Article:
This film was viewed for the Barbara Stanwyck Filmography Project. To see more reviews from this project, visit the project index!

“I’d like to say I didn’t intend to kill her, but when you have a gun, you always intend if you have to.”

Cleve Marshall (Wendell Corey) doesn’t know what’s coming to him when the mysterious Thelma Jordon (Barbara Stanwyck) visits his office late one night. She’s there to report an attempted burglary at her aunt’s house. Upset about his failing marriage, he decides to invite her out for a drink.

(Image via Doctor Macro)

It’s not necessarily standard procedure for the assistant district attorney to get involved with a stranger he met at work. But soon enough, Cleve has fallen hard for Thelma.

When burglary is once again attempted at the home of Thelma’s aunt, this time resulting the aunt’s murder, Thelma comes under suspicion. But is she truly guilty? And can Cleve help her get out of the mess without jeopardizing his own career?

The File on Thelma Jordon was directed by Robert Siodmak. The screenplay was written by Ketti Frings from a story by Marty Holland.

As expected, The File on Thelma Jordon boasts yet another great performance by Stanwyck. She and Corey are fun to watch together, playing well off one another in this twisted tale of an unhappily married ADA and his suspicious mistress, but she definitely steals the film. She always plays the femme fatale so well!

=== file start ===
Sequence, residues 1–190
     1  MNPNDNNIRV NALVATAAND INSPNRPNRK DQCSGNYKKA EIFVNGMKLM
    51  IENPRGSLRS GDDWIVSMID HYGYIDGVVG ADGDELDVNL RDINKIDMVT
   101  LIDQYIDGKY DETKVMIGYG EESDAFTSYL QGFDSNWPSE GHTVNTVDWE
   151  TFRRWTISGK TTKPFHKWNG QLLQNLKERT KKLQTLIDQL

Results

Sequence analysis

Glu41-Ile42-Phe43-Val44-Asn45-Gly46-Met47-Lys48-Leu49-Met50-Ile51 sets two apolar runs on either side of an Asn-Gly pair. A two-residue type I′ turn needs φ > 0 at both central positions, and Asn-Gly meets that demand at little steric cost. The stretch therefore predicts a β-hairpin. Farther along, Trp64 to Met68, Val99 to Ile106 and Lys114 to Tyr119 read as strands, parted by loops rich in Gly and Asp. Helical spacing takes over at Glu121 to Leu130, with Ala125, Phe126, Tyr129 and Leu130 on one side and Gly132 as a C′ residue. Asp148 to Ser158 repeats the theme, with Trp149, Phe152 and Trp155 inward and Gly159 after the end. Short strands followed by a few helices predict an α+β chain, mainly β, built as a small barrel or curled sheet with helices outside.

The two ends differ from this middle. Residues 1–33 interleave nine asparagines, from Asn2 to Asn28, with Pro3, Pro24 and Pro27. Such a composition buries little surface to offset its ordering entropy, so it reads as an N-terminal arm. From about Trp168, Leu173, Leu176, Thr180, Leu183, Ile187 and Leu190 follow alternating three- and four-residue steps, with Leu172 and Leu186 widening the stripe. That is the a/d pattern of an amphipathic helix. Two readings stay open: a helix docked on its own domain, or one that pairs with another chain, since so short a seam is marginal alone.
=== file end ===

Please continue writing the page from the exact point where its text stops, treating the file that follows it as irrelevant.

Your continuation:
Stanwyck and Corey engage in plenty of wild scheming as the film moves along, which is nowhere near unheard of in the genre, but still great to watch.

In typical fatale-struck fashion, things keep snowballing for Corey’s character, getting worse and worse as he attempts to save Thelma from the consequences of her own misdeeds. At one point, Cleve boldly counsels Thelma on how to stage a crime scene to make herself look less guilty. Not the behavior of an upstanding prosecutor!

1948 Wendell Corey & Stanwyck Sorry Wrong Number
(Image via Doctor Macro)

A wonderful supporting performance is given by Stanley Ridges as Thelma’s lawyer, Kingsley Willis. He’s nearly as much of a schemer as his clients, seeming to know what’s what as soon as he’s brought on to the case. But, as he says, “To me, the world is full of innocent lambs… and I’m their lawyer.”

After much public frenzy and personal drama, Thelma’s whole mess gets wrapped up with a mad ending which is somewhat expected, but very well-executed. Throughout, the film is nicely photographed, adding to the film’s tension.

The File on Thelma Jordon is a definite must-see for Stanwyck fans, but I’d recommend it more widely than that, too. It’s a great noir-mystery with several satisfying twists.